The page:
Photo of Naveen Rehman

5 questions with… Food Week organizer Naveen Rehman

This week, a group of hunger- and food-related organizations on campus—dubbed the Food and Water Collaborative—came together to host Food Week at Case Western Reserve University. Through a weeklong schedule of events, they aimed to explore the inequalities in food production and distribution, and how local entrepreneurs and chefs are revitalizing the American food system.

Photo of Naveen RehmanJunior Naveen Rehman helped lead the effort as a student organizer, along with sophomores Madeline Garb and Paul Halliday, and their faculty advisor, Narcisz Fejes, a SAGES Fellow.

“It’s so easy when you’re in college to get caught up in the bubble that is college life,” Rehman, a nutritional biochemistry major and executive coordinator of Food Recovery Network, said. “Your priorities become what next class you’re going to or what exam you have. But something like Food Week just opens up my eyes. We live in a community that is really impacted by these systemic inequalities in food production and food distribution.”

It wasn’t until coming to Case Western Reserve University that Rehman got her first exposure to those food-related health issues. She began her first year with her major undecided, but after taking a SAGES course on “food politics,” Rehman became interested in nutritional biochemistry. She declared her major the next semester while taking an introductory course in the subject.

Simultaneously, she became involved with the Food Recovery Network, a student organization that aims to reduce food waste and fight hunger by collecting individually packaged food that went unserved at dining halls and local restaurants and donating it to local soup kitchens.

“The thing that really struck me was how simple it was to solve this problem of food waste,” Rehman said.

Being involved with the organization aligns with Rehman’s studies and interests in public health through nutrition and healthy eating on a budget.

She brings the knowledge about nutrition and health gained from the classroom to the soup kitchens, where she volunteers weekly and teaches what she’s learned to those who may not otherwise have access to the information.

Rehman’s experiences with Food Recovery Network have not only shaped her college career, but also her professional aspirations: She plans to attend medical school and pursue a master’s degree in public health.

“Food Recovery Network really has helped me fulfill my role as a student here at CWRU,” Rehman said. “Through Food Recovery Network, I’ve connected with my local community in such a personal way. It’s so easy to get caught up in the bubble of college life, but Food Recovery Network really enabled me to step way outside my comfort zone and connect with the Cleveland community and fulfill my role to make a positive impact.”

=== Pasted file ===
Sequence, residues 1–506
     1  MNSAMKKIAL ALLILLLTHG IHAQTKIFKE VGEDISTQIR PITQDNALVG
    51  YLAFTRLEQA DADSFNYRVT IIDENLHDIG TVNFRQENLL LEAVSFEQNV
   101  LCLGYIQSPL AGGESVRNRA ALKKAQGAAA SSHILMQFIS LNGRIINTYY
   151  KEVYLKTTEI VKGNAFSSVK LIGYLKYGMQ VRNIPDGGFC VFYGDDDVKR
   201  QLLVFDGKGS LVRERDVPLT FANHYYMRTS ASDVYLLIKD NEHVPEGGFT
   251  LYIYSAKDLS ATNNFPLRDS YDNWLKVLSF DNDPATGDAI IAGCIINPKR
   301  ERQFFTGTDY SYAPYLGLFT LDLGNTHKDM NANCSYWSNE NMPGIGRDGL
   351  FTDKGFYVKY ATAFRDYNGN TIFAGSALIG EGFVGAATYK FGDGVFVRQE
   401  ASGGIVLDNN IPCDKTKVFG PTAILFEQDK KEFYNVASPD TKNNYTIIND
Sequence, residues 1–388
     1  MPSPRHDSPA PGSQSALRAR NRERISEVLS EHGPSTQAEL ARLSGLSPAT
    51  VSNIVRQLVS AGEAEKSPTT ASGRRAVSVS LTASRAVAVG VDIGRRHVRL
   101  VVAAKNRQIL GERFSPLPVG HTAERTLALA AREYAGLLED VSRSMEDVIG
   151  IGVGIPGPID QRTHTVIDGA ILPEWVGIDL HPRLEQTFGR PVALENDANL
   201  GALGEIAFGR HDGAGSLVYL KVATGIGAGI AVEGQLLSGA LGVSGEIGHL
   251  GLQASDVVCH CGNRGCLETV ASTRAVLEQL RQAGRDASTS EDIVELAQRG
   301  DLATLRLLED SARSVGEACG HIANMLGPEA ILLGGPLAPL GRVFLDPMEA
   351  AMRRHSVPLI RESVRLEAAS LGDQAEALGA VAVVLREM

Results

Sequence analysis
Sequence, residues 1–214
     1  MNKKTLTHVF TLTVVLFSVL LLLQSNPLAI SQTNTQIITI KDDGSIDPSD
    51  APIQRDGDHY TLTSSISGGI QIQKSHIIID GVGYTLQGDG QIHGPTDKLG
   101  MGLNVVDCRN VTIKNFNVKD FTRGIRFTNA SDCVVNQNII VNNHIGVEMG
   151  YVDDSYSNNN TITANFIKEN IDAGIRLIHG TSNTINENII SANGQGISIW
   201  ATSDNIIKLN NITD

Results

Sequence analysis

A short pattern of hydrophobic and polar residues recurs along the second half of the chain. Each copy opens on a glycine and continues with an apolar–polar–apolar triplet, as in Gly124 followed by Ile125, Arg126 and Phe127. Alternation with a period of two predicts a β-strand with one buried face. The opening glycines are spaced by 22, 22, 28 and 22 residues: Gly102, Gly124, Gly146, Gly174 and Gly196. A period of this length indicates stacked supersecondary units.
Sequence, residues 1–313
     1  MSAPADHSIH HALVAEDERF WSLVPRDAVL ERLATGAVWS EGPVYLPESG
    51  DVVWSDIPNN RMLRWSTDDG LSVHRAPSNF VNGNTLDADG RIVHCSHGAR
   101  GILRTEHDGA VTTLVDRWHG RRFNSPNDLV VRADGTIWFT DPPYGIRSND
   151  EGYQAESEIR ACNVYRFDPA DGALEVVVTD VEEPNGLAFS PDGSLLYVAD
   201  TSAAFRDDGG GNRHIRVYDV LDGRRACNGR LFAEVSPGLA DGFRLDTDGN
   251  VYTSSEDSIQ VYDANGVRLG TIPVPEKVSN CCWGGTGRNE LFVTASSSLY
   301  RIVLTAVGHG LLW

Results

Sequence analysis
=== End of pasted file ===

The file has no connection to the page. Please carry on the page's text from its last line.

Food Week wraps up tomorrow (April 15). Find out about the remaining events at

And get to know Rehman better in this week’s five questions.

1. What do you like most about Cleveland?

I think Cleveland has a very underrated food scene and a wide variety of options. I love exploring Cleveland through eating and going to different restaurants.

2. What’s your favorite social media platform?

Instagram, because I like its simplicity—it’s very streamlined. I’m a visual person—I like sharing pictures and I like that Instagram is this unique platform where you only get pictures.

3. What was the most influential class you’ve ever taken?

The SAGES class I took last semester. It was influential because of the professor. It was a class about the medieval ages, which, honestly, really didn’t interest me at all. But the professor made it so interesting and so relevant. I’ve never learned about history in a way that was very relevant. I absolutely loved it. It was with Dr. Lisa Nielson.

4. If you could meet any historical figure, who would you pick, and why?

I would say Alexander Hamilton for two reasons: One, because I’m a huge fan of Hamilton: The Musical. Through the songs I’ve heard, I think he’s such a fascinating character. And, two, that he was an orphan who immigrated to the United States from the Caribbean. He grew up to be such an icon in American history and contributed so much to our country. That’s a very relevant lesson in today’s political climate.

5. What’s your favorite thing about Case Western Reserve?

The people I’ve met and the opportunities I’ve been afforded. I think I really have found my role as a student here in Cleveland and have been able to connect with the community at large here. Case Western Reserve has really provided me with opportunities to get involved and make an impact in the community where I live.